A space for Venezuelan indigenous immigrants and refugees
The official inauguration ceremony of the Indigenous Cultural and Training Center, located in Boa Vista, Roraima, took place on May 6. The space, conceived of by the Fraternity – International Humanitarian Federation (FIHF), is the result of a partnership between this institution, the United Nations High Commissioner for Refugees (UNHCR), and Operation Welcome, the humanitarian taskforce coordinated by the Brazilian Federal Government through the Armed Forces.
The Indigenous Cultural and Training Center (ICTC) was created to develop cultural, teaching, and professional training activities for Venezuelan natives who live in humanitarian shelters in Roraima as immigrants and refugees. The administration of the Center is the responsibility of the Humanitarian Fraternity (FIHF), that since 2016 has been active in the humanitarian response to this population, and also manages the five indigenous shelters in the State.
In light of the large flow of Venezuelan immigrants and refugees into the northern region of Brazil, and the grave humanitarian crisis that is continuing, the project of the ICTC emerged as a response to the need for creating specific lasting solutions for the question of the indigenous immigration. Up until now, and because of the laws that protect the dissemination of the Brazilian indigenous peoples, they have not had access to the Interiorization Program of Operation Welcome. Through this program, immigrants and refugees are voluntarily transferred to other regions of Brazil so as to have a better chance at socioeconomic insertion.
Within this context, the indigenous population is restricted to receiving assistance in humanitarian aid in the existing shelters specifically dedicated to this population, without the possibility of developing an activity that could bring them autonomy and allow them to be a protagonist in their own destiny; or even, as an alternative, to immigrate to other regions of Brazil with their own resources, most of the time coming from the selling of handicrafts or street begging.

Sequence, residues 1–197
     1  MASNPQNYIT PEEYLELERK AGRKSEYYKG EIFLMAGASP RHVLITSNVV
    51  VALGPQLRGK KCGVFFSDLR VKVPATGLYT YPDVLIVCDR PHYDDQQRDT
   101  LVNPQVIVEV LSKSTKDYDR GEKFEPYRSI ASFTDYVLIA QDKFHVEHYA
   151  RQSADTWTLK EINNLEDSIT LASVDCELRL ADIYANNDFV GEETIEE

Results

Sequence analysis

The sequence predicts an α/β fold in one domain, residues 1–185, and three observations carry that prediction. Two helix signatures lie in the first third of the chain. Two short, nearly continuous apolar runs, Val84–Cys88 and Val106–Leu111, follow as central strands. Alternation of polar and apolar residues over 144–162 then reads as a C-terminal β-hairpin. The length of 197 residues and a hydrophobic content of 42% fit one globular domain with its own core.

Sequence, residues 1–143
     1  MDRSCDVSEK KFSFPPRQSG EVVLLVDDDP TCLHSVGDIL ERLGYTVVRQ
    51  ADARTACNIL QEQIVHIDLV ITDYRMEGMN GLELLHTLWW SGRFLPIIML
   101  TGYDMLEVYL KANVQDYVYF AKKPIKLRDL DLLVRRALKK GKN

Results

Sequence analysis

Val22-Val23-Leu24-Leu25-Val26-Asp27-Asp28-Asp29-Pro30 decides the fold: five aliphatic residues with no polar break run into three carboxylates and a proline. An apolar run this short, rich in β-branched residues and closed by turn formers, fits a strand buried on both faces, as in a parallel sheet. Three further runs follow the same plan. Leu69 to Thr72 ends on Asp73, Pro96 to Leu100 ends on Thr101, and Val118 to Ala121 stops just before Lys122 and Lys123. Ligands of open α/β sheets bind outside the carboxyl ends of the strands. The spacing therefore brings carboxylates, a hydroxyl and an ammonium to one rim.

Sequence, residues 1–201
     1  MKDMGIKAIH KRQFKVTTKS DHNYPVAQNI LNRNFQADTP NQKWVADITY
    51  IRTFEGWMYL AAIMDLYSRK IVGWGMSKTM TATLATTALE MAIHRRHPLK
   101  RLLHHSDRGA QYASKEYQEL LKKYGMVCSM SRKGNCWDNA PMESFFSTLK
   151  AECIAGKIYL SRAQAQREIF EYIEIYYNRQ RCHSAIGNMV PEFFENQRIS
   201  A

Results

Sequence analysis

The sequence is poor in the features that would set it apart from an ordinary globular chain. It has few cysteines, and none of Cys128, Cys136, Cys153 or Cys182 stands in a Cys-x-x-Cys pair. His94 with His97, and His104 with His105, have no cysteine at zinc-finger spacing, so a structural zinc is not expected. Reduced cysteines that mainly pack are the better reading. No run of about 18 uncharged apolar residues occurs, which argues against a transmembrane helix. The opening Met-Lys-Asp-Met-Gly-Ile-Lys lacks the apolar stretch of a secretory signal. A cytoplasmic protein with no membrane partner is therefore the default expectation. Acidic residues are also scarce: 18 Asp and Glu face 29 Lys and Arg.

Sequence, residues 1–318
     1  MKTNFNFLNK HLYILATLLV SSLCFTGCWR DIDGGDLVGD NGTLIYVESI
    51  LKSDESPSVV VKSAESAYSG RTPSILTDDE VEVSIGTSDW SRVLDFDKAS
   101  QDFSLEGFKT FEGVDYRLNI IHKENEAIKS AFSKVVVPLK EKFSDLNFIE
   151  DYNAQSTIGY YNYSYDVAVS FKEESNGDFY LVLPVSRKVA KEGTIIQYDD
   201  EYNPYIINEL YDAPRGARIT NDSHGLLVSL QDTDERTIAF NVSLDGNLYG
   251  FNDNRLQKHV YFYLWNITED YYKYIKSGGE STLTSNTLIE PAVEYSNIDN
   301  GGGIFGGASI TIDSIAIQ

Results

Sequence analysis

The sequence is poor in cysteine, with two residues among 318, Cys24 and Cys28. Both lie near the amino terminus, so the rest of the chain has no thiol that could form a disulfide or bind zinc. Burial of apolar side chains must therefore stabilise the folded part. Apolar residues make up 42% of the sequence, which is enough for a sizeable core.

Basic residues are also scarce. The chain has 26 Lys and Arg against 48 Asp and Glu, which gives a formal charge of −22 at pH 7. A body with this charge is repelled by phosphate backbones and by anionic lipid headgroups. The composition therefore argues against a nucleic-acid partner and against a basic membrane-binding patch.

To reverse this rather disheartening situation, in the ICTC, the intent is to offer a space for their cultural manifestations, which include the different ethnic expressions, and for meetings and gatherings where they can socialize to discuss their realities and aspirations, strengthen their culture, and open up possibilities for the future. In the area of Education, the focus will be on young people and adults, with the work of digital inclusion through computer courses, with literacy for those who want to explore the world of letters, and Portuguese courses for foreigners, since the language is one of the main barriers to their entry into the Brazilian labor market. Many don’t even speak Spanish, because their mother tongue is of the indigenous ethnicity to which they belong.
On a more specialized front, professional courses will be promoted that will enable the development of their potential and capabilities, that provide new knowledge, that stimulate entrepreneurship, cooperatives and associations, and which through certification, will contribute to the enrichment of their curricula, qualifying them for the labor market and thus providing social emancipation and income generation.